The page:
Former shadow chancellor Ed Balls was among those who had spoken of the difficult position in which Labour would find itself if Hunt moved on non-doms. ‘We’ve been saying again and again they should do it. All Labour’s promises around more operations, scanners or dentistry or the stuff they’re saying around schools and breakfast clubs all relies on getting that money,’ he said during a recent conversation on his Political Currency podcast. ‘If Jeremy Hunt were to take that money, it would make it much much harder [for Labour]. They would have to find some alternative source of revenue to pay for these promises.’

Non-dom regime: scrap at your peril

Tax advisers have warned Spear’s that the UK risks a non-dom exodus unless changes to the policy are handled sensitively. Some have already been working with UHNW clients on ‘fire escape plans’ that can be enacted if Labour comes to power. Now these will need to be considered in the eventuality of a Tory win, too.

‘With the distinct possibility that the Remittance basis will disappear even before the next general election, the already steady stream of Non Dom departure will become a stampede,’ predicts tax adviser David Lesperance. ‘This is especially true at the UHNW end of the Non Dom scale as they will have the biggest income and IHT hit and they have the easiest ability to make and maintain their wealth from anywhere on earth.’

Dominic Lawrance, a Spear’s Top Recommended tax lawyer and partner at Charles Russell Speechlys, noted Hunt risks shrinking the UK’s private wealth sector. ‘The proposals have been presented as revenue-raisers, but many tax advisers are very sceptical about this, due to anticipated behavioural impacts,’ he explains.

‘Many would expect the changes to be negative for the exchequer, at least in the long run, because they will make the UK unattractive compared to certain other countries, particularly Italy, which are already offering a much simpler and more benign tax regime for wealthy “incomers”. The concern is that the UK’s loss will be Italy’s gain”.’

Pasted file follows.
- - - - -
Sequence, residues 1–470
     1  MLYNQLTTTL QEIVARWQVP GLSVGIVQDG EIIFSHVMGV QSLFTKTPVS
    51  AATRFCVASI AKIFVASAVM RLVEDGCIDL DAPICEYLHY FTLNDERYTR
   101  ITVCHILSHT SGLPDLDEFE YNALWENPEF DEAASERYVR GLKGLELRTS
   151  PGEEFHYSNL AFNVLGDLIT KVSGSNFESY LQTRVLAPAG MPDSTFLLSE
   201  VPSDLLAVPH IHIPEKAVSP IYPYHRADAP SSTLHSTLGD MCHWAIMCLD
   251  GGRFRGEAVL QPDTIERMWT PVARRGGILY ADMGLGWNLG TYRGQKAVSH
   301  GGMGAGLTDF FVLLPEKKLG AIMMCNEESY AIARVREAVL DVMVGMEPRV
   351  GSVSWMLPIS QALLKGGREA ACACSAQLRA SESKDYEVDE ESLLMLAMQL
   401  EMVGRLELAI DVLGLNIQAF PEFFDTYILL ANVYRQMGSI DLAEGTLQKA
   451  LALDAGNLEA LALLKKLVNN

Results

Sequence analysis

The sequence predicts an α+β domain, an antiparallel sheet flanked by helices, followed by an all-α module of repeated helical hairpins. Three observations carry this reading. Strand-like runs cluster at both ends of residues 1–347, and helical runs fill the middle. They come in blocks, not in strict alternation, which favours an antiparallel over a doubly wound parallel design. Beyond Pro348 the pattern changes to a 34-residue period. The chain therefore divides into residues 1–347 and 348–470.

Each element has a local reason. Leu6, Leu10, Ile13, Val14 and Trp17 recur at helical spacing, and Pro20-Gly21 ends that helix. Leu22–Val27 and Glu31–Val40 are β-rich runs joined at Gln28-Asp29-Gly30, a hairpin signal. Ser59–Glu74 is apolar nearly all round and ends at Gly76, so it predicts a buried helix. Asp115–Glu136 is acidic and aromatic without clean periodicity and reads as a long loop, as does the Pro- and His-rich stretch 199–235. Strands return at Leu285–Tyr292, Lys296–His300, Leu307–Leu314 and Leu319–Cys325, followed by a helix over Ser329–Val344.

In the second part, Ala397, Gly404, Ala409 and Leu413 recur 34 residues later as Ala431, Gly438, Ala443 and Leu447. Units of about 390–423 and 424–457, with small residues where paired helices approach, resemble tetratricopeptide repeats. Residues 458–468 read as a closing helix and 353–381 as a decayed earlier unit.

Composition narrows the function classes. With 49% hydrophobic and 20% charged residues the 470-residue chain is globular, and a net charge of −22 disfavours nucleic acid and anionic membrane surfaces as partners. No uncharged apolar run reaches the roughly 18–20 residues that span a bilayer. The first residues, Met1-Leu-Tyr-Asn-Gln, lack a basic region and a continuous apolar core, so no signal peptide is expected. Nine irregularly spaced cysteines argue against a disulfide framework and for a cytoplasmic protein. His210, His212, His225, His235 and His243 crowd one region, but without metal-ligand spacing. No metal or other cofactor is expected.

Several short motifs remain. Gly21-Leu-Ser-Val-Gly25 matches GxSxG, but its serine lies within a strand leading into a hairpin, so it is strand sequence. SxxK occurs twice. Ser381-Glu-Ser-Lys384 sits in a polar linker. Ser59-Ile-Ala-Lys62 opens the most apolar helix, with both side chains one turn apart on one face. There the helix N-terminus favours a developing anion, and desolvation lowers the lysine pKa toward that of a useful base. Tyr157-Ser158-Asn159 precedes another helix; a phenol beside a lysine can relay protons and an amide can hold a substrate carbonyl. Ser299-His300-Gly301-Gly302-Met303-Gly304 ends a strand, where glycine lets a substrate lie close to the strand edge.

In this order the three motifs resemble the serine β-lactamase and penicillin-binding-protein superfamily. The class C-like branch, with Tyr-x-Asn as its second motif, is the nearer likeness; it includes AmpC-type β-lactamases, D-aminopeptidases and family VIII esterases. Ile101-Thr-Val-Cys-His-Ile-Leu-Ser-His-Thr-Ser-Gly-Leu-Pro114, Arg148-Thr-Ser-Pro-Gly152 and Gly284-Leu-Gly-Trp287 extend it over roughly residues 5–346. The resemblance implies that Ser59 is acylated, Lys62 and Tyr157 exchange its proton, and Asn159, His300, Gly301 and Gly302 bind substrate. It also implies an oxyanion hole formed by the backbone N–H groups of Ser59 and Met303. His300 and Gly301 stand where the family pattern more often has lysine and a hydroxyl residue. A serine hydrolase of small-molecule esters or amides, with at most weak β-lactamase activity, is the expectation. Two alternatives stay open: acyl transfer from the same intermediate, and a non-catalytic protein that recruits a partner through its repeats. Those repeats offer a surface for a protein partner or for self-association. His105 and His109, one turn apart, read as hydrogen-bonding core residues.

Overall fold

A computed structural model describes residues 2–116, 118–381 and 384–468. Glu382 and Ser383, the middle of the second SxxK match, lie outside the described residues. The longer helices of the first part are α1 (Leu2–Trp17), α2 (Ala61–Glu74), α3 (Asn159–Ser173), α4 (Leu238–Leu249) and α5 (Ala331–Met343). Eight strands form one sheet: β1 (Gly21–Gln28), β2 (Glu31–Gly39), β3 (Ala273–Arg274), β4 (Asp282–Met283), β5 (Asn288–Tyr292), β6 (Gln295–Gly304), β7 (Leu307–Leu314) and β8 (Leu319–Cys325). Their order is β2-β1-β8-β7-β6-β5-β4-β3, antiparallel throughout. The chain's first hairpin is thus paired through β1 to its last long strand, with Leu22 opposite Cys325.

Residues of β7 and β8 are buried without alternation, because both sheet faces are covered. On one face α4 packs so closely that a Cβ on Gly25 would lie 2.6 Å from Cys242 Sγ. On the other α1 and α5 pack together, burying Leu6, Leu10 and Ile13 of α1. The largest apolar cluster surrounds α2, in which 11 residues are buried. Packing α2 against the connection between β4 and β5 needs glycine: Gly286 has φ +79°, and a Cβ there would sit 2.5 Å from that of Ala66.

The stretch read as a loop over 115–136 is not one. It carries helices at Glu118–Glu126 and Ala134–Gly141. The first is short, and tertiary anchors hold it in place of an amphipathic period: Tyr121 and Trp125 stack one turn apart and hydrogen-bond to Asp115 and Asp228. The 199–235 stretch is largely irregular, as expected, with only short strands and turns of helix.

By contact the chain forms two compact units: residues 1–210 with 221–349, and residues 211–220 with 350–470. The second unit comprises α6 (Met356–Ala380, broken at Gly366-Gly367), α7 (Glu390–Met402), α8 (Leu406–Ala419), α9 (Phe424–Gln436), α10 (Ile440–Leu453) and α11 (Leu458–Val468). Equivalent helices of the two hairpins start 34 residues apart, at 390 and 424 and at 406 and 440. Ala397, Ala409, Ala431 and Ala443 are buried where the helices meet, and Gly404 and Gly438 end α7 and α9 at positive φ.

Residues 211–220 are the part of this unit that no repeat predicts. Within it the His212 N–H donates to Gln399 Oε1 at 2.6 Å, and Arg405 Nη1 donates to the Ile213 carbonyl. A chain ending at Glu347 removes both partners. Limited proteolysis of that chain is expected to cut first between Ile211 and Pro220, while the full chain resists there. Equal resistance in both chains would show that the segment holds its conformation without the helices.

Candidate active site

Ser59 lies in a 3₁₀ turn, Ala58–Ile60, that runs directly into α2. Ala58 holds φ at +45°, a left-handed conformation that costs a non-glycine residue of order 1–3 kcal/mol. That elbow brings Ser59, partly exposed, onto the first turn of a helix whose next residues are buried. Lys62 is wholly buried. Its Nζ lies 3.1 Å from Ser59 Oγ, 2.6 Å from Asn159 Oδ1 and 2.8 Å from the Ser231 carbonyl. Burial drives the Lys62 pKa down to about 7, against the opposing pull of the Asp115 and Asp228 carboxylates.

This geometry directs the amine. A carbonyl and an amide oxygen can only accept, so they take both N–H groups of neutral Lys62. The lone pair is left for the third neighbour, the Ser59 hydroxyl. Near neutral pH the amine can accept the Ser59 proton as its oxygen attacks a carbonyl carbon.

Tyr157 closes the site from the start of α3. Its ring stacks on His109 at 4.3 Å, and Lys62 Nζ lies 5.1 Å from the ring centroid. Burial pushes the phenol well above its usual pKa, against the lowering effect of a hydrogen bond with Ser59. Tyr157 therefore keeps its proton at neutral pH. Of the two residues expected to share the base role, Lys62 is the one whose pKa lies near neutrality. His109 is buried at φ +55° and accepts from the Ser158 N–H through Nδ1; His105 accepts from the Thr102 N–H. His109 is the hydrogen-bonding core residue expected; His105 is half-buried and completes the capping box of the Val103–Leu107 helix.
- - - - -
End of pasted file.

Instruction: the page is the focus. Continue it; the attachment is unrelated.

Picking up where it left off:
[See also: UHNWs brace for tax reform in election year]

Brodrick speculates the most likely outcome is that Hunt will scale back, rather than scrap, the non-dom regime. ‘We think the most likely scenario is that people who come to the UK from abroad will be given a short-term exemption from tax on their overseas income and gains, and will then be taxed on a worldwide basis once they have been resident in the UK for a certain number of years,’ he tells Spear’s. ‘It is unclear what will happen to anyone who is already living in the UK as a non-dom.

‘It’s going to be difficult for the Chancellor to balance the perceived unfairness of a system that allows people to live in the UK without paying tax on a worldwide basis, with encouraging ultra-high net worth individuals to base themselves and their businesses in the UK where they will pay a significant amount of tax.

Richard Bull, partner in private Clients at Crowe UK, noted there is an alternative route Hunt could pursue. ‘Another area the government could review is the Capital Gains Tax rules for non-doms who become UK tax resident,’ he suggests. ‘If you move to the UK and then sell investments that you’ve held for a long time – all of that gain is potentially taxable in the UK. While the tax can be deferred, if the funds are remitted the tax will bite. A lot of countries in the world operate a rebasing system, meaning non-doms would only ever have to pay UK tax on gains that accrued living here.

‘The current regime is complex and a new overhauled regime that is simpler to operate might be welcomed by future visiting non-doms and could encourage more investment into the UK – albeit perhaps for a shorter duration. Whatever happens, this is not the last we’ve heard about non-doms this election year.’